Why over-the-counter birth control could actually lead to more unwanted pregnancies
Women in California who don’t want to wait to get birth control prescriptions from their doctors can now purchase their pills, patches, rings and shots directly from pharmacists.
The new program, which began earlier this month, has been widely hailed as a victory for women’s reproductive rights by doctors’ organizations and healthcare advocates. Yet the fanfare misses an important point: Women visiting their pharmacists won’t have access to the most reliable forms of birth control on the market because those methods, such as implantable rods or intrauterine devices (IUDs), will still require a trip to a doctor’s office.
Although the pill is still the top choice for nearly 26% of women using birth control, nine of 100 women who take it over a year will have an unintended pregnancy, according to the U.S. Federal Drug Administration. (The transdermal patch and vaginal ring, which account for nearly 3% of all forms of contraception, have similar failure rates. Of the nearly 5% of women who prefer injections, six out 100 women will accidentally get pregnant within a year.) In fact, nearly half of the 3 million unintended pregnancies that occur in the U.S. each year are due to contraceptive failure, according to an analysis of government data by the reproductive health organization Guttmacher Institute.
In one study published in the New England Journal of Medicine, more than 330 women out of nearly 7,500 participants -- or 5% -- got pregnant while using the pill, patch or ring within one year. (It rose to 9% by the third year.) By comparison, the rate was less than 1% for women who chose implantable rods or IUDs.
The reliability of implants and IUDs has prompted the American Congress of Obstetricians and Gynecologists and the American Academy of Pediatrics to call for greater access to them, especially for teens. Currently, about 1 in 10 women choose the IUD as their form of birth control, and a little more than 1% have embraced the implant.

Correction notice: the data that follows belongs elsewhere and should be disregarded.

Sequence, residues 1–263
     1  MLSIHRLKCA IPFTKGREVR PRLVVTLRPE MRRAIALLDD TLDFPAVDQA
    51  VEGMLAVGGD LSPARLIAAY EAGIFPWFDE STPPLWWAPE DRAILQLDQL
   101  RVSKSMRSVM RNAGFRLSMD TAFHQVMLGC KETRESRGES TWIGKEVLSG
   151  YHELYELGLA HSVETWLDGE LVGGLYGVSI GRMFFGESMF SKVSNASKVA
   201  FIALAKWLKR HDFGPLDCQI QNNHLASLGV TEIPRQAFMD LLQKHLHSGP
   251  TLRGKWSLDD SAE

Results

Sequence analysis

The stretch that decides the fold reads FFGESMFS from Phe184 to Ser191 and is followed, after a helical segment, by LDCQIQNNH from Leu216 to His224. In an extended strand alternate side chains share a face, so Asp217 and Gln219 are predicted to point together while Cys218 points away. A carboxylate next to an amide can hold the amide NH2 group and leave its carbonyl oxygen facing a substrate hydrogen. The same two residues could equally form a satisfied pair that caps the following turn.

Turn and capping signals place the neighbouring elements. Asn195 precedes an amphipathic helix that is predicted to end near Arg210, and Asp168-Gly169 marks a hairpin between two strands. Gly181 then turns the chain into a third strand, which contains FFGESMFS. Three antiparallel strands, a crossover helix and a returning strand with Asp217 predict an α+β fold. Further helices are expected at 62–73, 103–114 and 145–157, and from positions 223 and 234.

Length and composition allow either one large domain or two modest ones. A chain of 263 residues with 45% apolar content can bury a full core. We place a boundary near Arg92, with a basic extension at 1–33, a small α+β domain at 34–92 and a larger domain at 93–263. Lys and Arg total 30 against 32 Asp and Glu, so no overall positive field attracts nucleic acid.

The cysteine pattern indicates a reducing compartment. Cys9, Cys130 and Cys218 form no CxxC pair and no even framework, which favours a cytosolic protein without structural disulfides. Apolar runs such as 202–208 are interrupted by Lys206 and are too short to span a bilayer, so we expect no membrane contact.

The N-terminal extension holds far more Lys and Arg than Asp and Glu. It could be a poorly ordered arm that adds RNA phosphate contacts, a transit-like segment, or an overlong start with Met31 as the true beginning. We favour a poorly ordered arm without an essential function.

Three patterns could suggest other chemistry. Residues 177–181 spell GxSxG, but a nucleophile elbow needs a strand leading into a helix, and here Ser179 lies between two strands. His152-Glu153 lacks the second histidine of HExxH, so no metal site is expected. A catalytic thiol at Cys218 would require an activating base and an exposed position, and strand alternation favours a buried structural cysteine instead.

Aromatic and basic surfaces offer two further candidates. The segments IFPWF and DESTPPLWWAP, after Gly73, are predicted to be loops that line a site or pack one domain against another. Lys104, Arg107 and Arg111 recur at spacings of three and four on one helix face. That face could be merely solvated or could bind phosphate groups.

“We’re interested in increasing access... but pharmacy-provided contraception is still a significant improvement for women who rely on pills,” says Kelli Stidham Hall, assistant professor in the department of behavioral sciences & health education at Emory University in Atlanta.
There’s another reason fewer women are asking for these more effective forms of birth control: They can costs hundreds of dollars even with insurance coverage. In a study of nearly 2,000 women ages 18 to 22 that was recently published in the journal Contraception, Hall found that cost was a top reason young college women didn’t choose implants or the IUD.
“IUDs and implants are superior at preventing pregnancy across all age groups,” says Dr. Andrea Hoopes, an assistant professor in adolescent medicine at Children’s Hospital Colorado in Aurora who studies teens’ attitudes about contraception. “So it’s paramount that we become creative in offering all forms of birth control though many outlets.”
It’s not yet clear what those are; the IUD and implant must be inserted by a healthcare provider, which isn’t exactly practical at your local CVS.
In the meantime, pharmacists in California are still trying to figure out how to implement the new program. Of the state’s roughly 7,000 pharmacies, only about 300 independent outlets have started offering pills, patches, rings and shots directly to consumers.
For example, pharmacists have to offer blood pressure screenings on the spot. That’s because women with high blood pressure must be prescribed birth control containing low doses of estrogen; a high dosage can worsen hypertension. They also have to decide how to advertise and how to bill for their services. While insurance will cover the medication, it doesn’t cover the visit, so pharmacists are working out whether they will charge patients an additional consultation fee of $30 to $45 that patients would submit directly to their providers.
The new program also signifies a continued expansion of pharmacists’ roles from medication dispenser to counselor.
“Some pharmacists are worried about having enough time to really sit down with patients and go over all their options when they have other people waiting,” says Sally Rafie, a pharmacist specialist at UC San Diego Health who studies healthcare providers’ opinions. She advises women to think of a pharmacist as one of many players who work together. “Maybe a woman just moved here but needs a three-month supply of pills until she sees her primary care provider,” she says. “It’s all about choice.”